US toughens crackdown on listed Chinese firms as Trump buries political hurdles for Biden, analyst says
Published: Jan 09, 2021 05:35 PM


 The US off-exchange trading platform operator OTC Markets Group announced to stop trading in 12 Chinese shares including the Semiconductor Manufacturing International Corporation (SMIC), as the US President Donald Trump toughened its crackdown on listed Chinese companies in the last few days of his presidency.
Experts said that such sanctions would hurt the US market’s reputation, not only among Chinese companies that had planned to list in the country, but also companies in other countries, as they fear their listings would also be affected by political volatility once they get listed on US bourses.
According to a Reuters report on Friday, the OTC Markets Group said that quoting in nine symbols including those of China Railway Construction Corp and SMIC would no longer be available on its platform starting from Thursday. It will ban the trading of another three Chinese securities effective from Monday.
Xi Junyang, a professor at the Shanghai University of Finance and Economics, said the OTC Markets Group’ decision should be another example of US companies being forced by the Trump administration’s policies to take action against Chinese listed firms.
“For US stock trading platforms, they do not want to see a halt of stock trading on their platforms in fear of losing liquidity and investor confidence, but they have limited capabilities to stand up against US government orders,” Xi said.
According to him, the sanctions would make Chinese companies hesitant to list on US markets, while companies from other countries would also have worries about whether it is safe and stable to make a listing on US markets if political relations between the US and their countries worsen in a way like the current China-US friction.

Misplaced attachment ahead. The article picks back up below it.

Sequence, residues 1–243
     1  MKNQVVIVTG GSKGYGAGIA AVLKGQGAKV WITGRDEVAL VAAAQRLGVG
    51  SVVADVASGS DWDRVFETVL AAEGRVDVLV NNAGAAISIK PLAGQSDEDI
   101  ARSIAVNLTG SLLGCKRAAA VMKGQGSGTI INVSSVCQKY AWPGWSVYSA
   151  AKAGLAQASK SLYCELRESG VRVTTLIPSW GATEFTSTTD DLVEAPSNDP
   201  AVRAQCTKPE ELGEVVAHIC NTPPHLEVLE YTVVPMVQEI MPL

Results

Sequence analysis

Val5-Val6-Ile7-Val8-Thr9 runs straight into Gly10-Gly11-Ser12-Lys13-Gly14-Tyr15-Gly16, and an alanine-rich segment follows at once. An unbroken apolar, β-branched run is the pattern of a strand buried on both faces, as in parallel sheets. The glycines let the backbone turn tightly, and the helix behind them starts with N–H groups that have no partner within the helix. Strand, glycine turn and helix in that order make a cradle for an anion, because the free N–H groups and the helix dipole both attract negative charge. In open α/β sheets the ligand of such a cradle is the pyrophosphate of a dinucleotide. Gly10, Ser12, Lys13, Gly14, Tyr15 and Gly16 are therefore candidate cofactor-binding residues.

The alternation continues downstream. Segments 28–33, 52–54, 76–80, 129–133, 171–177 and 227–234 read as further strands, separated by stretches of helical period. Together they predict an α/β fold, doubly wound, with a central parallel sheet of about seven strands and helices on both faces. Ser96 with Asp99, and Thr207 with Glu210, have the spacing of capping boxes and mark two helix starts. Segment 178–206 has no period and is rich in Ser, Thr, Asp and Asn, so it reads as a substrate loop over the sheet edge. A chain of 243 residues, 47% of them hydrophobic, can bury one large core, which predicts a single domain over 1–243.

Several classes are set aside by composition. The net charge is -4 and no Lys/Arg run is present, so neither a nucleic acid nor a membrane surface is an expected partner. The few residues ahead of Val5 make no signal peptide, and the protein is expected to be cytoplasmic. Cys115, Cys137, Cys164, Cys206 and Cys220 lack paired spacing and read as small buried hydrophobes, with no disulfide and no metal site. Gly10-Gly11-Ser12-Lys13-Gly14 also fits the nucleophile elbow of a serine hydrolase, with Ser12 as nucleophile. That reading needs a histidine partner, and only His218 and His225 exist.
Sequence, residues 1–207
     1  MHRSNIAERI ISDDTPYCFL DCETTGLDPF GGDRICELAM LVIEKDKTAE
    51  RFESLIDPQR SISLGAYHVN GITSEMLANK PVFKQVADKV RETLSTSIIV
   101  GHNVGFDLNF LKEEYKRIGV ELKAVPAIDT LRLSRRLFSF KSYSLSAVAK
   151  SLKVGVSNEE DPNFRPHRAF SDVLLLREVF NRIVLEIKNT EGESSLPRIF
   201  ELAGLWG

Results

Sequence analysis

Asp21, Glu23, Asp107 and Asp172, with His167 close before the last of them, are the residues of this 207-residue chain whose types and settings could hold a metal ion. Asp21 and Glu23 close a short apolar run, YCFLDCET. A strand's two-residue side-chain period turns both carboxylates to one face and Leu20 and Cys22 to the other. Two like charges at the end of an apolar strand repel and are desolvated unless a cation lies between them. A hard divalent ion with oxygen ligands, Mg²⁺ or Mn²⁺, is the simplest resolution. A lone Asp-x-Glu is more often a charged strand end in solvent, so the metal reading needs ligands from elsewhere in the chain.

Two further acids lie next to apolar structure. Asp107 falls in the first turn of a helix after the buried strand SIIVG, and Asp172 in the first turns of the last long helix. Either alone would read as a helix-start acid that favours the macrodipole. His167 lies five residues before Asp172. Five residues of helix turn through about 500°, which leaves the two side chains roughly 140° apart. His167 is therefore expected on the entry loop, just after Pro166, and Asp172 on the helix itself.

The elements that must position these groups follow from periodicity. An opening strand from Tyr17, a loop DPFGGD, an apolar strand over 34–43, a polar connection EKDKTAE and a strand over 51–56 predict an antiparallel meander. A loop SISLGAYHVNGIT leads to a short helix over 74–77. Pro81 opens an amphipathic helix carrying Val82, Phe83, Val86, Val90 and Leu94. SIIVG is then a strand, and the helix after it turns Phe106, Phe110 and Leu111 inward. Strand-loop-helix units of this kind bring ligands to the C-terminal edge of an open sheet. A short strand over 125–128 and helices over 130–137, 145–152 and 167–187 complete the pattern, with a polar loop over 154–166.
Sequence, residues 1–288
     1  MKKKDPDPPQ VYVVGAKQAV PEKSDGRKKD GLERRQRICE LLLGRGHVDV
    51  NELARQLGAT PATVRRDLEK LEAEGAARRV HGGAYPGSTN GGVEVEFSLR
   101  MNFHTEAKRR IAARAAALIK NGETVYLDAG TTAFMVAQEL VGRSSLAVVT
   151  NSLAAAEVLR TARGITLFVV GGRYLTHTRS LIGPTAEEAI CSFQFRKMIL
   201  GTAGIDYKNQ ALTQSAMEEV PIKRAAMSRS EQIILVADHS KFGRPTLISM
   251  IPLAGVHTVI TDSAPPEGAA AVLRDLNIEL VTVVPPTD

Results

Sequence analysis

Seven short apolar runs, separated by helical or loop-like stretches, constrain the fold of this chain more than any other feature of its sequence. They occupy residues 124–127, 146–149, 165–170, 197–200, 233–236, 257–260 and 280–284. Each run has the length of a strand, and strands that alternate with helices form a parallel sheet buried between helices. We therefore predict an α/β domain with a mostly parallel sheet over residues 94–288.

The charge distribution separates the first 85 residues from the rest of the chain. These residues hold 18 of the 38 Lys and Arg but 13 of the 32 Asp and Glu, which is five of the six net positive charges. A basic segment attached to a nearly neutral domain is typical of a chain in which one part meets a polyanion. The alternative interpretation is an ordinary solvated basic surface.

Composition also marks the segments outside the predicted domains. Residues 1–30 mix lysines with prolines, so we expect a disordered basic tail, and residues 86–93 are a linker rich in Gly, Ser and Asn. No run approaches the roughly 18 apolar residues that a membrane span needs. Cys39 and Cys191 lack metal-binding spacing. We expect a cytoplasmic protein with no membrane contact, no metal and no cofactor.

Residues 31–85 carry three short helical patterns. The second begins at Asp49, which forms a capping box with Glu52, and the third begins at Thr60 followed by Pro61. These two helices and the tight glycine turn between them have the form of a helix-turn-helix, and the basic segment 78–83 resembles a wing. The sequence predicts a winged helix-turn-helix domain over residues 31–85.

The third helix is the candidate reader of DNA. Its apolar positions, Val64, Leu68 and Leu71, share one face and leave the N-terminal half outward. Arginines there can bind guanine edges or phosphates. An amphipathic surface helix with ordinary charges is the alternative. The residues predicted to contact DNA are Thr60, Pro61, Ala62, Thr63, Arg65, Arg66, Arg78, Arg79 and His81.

“It surely undermines the attraction of US OTC markets with such non-marketized intervention,” Xi told the Global Times.
A large number of Chinese companies have listed on the US OTC market which is known to have lower listing requirements than major markets like the New York Stock Exchange. SMIC didn’t respond to an interview request from the Global Times as of press time.
On Wednesday, the NYSE also said that it would delist three Chinese companies listed on the board, reversing its decision earlier that it would allow the Chinese companies to remain on the board.
Their decision to drive Chinese companies away from US stock boards came after the Trump administration blacklisted 35 Chinese companies, which they claimed to be owned or controlled by the Chinese military. The US is also reportedly considering adding Chinese tech giants Alibaba and Tencent to its trading blacklist.
According to Xi, the Trump administration is “killing two birds with one stone” by such sanctions against Chinese listed firms, making policies difficult for the next US president Joe Biden, as well as hurting China-US relations further with a hardline approach toward China.
“The sanctions against Chinese listed firms would become a ‘hot potato’ for the Biden administration, as Biden would be criticized for his ‘soft’ stance on China issues if he abandons Trump’s order, and would face hardship improving China-US relations if he keeps Trump’s crackdown measures,” Xi said.

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